When I came out of Avengers: Infinity War, I was livid. How DARE they kill T’Challa in front of my eyes! Not to mention my precious angel Spider-Man! I was ready to Hulk Smash the entire Marvel Studios.

But then I came to my senses. Of course the ending to Infinity War is a ruse. The ending, as you probably know, involves half of the Avengers, nearly all of the Guardians of the Galaxy, and other superheroes like Doctor Strange, Nick Fury, and Agent Maria Hill literally turning into dust. This isn’t counting the amount of death that happens before the dusting; Loki, Heimdall and Gamora all get killed by Thanos.

The questions and concerns I have are legitimate ones, I feel, especially since screenwriters Christopher Markus and Stephen McFeely want us to believe that these are permanent deaths when the already planned sequels for several of these now-dead characters suggest otherwise. My concerns also come because of the bombastic nature of the story itself, which is more about delivering punch and surface-level emotion over real, meaningful pathos.

1. How can Infinity War come after such a great film like Black Panther?

Okoye, Black Panther, Captain America, Black Widow, and Bucky stand in front of an army of Wakandan soldiers.
Photo credit: Marvel/Disney

To me, Black Panther is the perfect Marvel movie, but please know I recognize that it’s not legitimately “perfect.” It’s got its issues like any other movie, but on the whole, it delivered something other films in the Marvel canon haven’t, and that’s a real story with real stakes attached.

Black Panther is the first film to be rooted less in the fantastic and more in the everyday. As I state in my Mediaversity Review of Black Panther, it is rife with tacit knowledge of black America, while opening the door to other audience members to widen their perspectives. It gets into the nitty gritty of the specific African-American condition in a way that I haven’t seen in a while. (It might be hyperbolic to say, “since Roots” because Roots is a classic that is incomparable, but the film does deliver a similar Roots-like punch that is groundbreaking in comic book movies.)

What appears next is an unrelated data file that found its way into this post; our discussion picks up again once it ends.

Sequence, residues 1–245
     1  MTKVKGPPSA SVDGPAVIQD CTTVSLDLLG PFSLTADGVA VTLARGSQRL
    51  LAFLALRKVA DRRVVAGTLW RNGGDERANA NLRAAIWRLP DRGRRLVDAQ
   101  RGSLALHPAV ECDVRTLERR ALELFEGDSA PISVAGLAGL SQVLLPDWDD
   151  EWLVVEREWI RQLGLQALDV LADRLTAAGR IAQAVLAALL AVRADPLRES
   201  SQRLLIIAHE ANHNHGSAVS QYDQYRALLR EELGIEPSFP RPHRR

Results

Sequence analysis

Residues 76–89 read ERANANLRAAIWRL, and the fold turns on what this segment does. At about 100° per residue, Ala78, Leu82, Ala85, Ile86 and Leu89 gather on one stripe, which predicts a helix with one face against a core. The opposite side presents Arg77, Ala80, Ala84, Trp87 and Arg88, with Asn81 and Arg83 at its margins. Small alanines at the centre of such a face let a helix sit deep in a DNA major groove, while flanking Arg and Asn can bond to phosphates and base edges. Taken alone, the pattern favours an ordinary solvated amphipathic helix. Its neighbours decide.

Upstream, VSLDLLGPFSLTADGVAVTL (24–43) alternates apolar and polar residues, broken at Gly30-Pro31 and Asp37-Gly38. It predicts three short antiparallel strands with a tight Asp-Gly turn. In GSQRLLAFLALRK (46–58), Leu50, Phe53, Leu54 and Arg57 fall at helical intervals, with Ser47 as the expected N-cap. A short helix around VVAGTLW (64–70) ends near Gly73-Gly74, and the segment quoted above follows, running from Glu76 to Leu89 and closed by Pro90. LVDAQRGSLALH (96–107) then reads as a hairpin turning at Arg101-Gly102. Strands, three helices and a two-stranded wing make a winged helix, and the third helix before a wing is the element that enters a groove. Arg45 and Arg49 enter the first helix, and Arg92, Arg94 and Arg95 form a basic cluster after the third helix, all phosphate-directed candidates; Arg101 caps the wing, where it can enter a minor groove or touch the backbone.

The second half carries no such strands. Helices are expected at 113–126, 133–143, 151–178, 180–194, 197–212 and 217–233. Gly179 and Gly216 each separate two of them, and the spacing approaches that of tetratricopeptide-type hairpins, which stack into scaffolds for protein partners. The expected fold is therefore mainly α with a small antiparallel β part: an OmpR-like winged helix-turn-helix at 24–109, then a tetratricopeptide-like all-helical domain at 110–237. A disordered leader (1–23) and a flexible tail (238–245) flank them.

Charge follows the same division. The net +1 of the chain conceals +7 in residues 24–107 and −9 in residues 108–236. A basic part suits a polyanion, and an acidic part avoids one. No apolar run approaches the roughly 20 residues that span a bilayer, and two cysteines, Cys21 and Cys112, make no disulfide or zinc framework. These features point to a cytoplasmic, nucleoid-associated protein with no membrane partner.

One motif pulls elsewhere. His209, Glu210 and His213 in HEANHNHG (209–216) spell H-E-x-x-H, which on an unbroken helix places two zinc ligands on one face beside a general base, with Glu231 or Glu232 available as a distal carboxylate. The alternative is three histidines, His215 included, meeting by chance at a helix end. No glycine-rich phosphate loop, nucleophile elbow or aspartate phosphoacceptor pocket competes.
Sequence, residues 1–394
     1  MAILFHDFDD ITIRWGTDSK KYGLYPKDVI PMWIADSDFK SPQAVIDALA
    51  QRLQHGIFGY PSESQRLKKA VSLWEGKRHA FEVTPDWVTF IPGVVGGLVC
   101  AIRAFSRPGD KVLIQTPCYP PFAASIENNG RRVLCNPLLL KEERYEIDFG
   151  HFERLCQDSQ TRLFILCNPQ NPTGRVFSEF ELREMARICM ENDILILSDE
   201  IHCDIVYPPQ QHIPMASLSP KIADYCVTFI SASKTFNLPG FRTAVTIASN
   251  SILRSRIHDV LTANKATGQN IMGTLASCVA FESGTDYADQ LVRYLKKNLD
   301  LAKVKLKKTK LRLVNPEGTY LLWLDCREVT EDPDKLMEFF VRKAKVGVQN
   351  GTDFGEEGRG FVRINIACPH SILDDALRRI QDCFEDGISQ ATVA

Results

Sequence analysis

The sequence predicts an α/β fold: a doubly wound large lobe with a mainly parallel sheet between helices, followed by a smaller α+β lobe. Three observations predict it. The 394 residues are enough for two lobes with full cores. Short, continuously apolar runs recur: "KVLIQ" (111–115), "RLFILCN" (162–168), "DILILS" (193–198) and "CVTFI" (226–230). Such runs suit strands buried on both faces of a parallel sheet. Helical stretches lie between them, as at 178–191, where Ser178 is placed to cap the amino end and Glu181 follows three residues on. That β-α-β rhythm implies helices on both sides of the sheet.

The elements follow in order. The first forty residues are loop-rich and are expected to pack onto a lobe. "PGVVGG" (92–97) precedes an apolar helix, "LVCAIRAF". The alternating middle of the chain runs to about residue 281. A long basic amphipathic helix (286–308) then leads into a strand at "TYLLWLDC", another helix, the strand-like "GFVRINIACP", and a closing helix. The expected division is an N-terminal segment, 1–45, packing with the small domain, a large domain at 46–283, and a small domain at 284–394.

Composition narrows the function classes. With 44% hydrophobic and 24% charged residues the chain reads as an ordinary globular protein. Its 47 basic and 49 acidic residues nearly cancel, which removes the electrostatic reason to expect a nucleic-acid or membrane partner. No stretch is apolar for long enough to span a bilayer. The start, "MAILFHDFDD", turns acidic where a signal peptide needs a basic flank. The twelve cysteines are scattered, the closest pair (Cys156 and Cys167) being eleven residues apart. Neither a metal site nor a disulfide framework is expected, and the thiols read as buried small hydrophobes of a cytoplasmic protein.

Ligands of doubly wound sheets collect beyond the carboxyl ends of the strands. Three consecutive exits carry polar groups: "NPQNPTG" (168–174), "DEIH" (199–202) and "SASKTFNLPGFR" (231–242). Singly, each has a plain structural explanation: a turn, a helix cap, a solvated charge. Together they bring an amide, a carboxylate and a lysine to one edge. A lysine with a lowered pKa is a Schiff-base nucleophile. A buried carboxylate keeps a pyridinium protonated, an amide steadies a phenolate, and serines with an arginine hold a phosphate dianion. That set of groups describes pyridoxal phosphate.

It’s because the film is rooted in reality that Black Panther truly stands head and shoulders above other films, including my former top Marvel film, Captain America: The Winter Soldier. Ryan Coogler and Joe Robert Cole crafted a story that goes beyond superhero daring-do and tells a timeless story of loss, trauma, and reclamation. It speaks universally, but it also speaks specifically to its black audience, who have wanted to see something like this ever since Marvel announced it would create an interconnected film universe. It’s an intelligent, philosophical movie, and poses big questions for its audiences to wrestle with. What if colonialism didn’t exist and Africa was allowed to thrive? What if slavery was talked about and dealt with honestly? Where is home once it’s taken away? How do we give honor to the ancestors we were ripped away from?

Am I saying that Infinity War has to be rooted in racial politics for it to be good? Absolutely not. But it is telling that both Black Panther and Thor: Ragnarok, directed by Taika Waititi and features themes of colonialism, both tell better stories than Infinity War. It’s because these stories are rooted in something concrete. In the case of these two films, the root is racial and cultural. But in The Winter Soldier, the root is honest emotion. Much of the core of the film is Steve’s friendship with Sam, who be comes his anchor as he gets to grip with life in the 21st century the fate of his friend Bucky. Over the course of the film, we see these two grow in their friendship, and at the end of the film, you’re ready to see all of the adventures Sam and Steve will undergo. Sam is Steve’s salve for his chafing loneliness, and it makes you feel good to see Steve finally find someone who understands him (regardless of how much Marvel was trying to make Sharon Carter happen).